Traditionally, economists have focused on how to improve productivity and the ability to generate income by adult workers. But in the last two decades, the percentage of economists who work in the development of our youngest has been growing. The reason? Find out in this article.
For over two decades, an increasing number of economists are working on early childhood development topics. They have been documenting heartbreaking gaps in cognition and language between children living in more versus less vulnerable families. They have been designing, running and evaluating interventions that aim to close such gaps by increasing caregiver knowledge on best caregiving practices—this is, warm, sensitive and stimulating interactions and play—and by promoting them among caregivers in the home and childcare environments.
Because economists are ultimately interested in poverty alleviation. And human capital accumulation—this is, how skills abilities are formed and accumulated—is key for breaking its intergenerational transmission. For many decades, economists—labor, education and, more recently, development economists—have been studying the lifecycle, from end to beginning, to understand the process of human capital accumulation and thus find the silver bullet to alleviate poverty and reduce inequalities.
- Traditionally, they focused on improving productivity and the ability to generate income among adult workers, therefore, studying labor market programs.
- Later, the focus shifted to the youth and facilitating access to higher education (loans for college education, for example) or reducing engagement in risky behaviors (e.g., drug consumption or unprotected sex).
- Over time, access to secondary school, improving retention rates during school transitions, and education quality (teacher quality, curricular content, and textbooks, etc.) at the secondary and primary levels received increasing attention.
- Eventually, the debate revolved around promoting school readiness and hence access to preschool, preschool quality or how parents interact and invest in their babies became relevant areas of study.
Having gone all the way down the lifecycle, economists now join developmental psychologists and neuroscientists in arguing that the foundations for a healthy and productive life start very early in life and that any deficits in such foundations have long-lasting effects that extend to the next generation.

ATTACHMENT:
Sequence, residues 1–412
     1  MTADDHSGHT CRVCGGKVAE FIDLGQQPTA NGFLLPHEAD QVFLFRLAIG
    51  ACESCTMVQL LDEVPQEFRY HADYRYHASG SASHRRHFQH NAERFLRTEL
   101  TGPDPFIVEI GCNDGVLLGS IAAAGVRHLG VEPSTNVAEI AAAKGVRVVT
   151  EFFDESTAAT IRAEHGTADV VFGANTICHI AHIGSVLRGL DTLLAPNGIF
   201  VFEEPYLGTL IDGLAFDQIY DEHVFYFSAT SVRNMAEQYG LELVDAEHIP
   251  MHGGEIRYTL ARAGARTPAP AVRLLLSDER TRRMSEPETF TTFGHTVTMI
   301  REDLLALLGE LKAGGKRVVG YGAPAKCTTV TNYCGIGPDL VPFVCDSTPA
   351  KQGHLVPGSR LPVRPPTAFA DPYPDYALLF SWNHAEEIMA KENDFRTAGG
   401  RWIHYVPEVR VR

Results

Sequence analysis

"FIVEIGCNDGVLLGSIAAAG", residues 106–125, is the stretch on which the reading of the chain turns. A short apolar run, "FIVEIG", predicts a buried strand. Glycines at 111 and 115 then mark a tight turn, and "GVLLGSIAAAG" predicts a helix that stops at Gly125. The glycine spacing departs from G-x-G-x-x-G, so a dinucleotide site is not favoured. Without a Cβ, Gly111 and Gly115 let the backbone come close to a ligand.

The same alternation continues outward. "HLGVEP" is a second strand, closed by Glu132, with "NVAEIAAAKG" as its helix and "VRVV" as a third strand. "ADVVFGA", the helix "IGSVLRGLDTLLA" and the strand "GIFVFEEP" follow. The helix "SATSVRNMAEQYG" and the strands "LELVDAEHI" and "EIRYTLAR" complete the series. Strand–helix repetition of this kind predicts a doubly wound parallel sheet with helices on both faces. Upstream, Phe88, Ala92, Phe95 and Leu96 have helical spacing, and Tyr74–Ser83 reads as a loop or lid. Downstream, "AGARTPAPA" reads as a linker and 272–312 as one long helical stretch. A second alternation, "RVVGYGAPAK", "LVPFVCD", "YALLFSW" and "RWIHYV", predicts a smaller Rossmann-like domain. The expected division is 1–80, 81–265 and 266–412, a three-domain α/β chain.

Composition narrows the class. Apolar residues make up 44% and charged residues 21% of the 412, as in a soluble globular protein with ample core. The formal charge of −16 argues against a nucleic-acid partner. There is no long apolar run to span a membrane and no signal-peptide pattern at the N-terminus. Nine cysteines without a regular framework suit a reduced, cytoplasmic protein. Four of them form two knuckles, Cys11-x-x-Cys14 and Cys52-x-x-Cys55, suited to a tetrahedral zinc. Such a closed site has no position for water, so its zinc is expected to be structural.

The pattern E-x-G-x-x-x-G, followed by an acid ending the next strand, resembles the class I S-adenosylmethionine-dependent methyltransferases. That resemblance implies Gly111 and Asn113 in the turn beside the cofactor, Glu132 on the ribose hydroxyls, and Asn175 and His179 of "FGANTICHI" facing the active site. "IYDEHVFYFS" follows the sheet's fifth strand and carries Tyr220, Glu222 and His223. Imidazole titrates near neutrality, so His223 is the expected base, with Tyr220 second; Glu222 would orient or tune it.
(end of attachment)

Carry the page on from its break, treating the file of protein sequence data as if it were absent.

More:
And how can they help?
Economics is the social science that studies the optimal allocation of scarce resources. This means understanding how ‘economic agents’—firms, producers, consumers, people—make the best possible decisions under the constraints they face. Economics heavily relies on models and math to formalize such a decision-making process and frame it as an optimization problem. This is very powerful as it allows us to simulate the response of agents to changes in policy and can help the policymaker decide if/when/how it is best to intervene. For example, it allows simulating whether taxpayers would reduce their participation in the labor market given an increase in income tax or whether this response would depend on the size of such an increase. When it comes to understanding how parents invest in their children to increase their human capital, economists use a similarly neat tool, the production function, which has a long tradition going back to.
An example from Colombia
The recently published work by Attanasio and colleagues uses very rich data from an experiment that offered, during 18 months, weekly play home visits à la Reach Up to children 12-24 months in poor communities that had been randomly allocated to the treatment group. The high-quality data collected on child development, parental skills and parental investments in materials (toys and books) and in time engaging with their children in stimulating play activities; the random allocation of communities to treatment and control; and the production function setup provided the necessary elements that allowed understanding the mechanisms through which the intervention led to significant gains in children’s cognition and language.
Specifically, the authors found that child development improved because of the increase in parental investments in both play materials and playtime (other than the time spent with the child during the visit). This implies that telling parents about development alone or having had the home visitor interact with the child on her own, without working on strengthening parenting practices, would have been unlikely to benefit children. It also implies that parents do not reduce playtime with their children when they receive this type of interventions—because the home visitor already offers an hour of free play, for example—even if parents with more offspring do invest less as they are more time-constrained! Another two interesting findings, which may help explain persisting inequalities: parents invest more in children they perceive as more able and mothers with higher ability to invest more in their children.
These results have obvious implications for intervention and policy design. The beauty of the approach, however, lies in that it offers a tool, calibrated with real data, that, going forward, can allow simulating the impact of interventions promoting different levels of investment, of different sorts, and among families of diverse socioeconomic status in new contexts, much like a tax simulator.
Are you an economist working in early childhood? Do you know of similar studies? Would it be possible to apply the production function lenses to a program you work on or to data that you have collected? Leave us a comment or mentions as in @BIDgente
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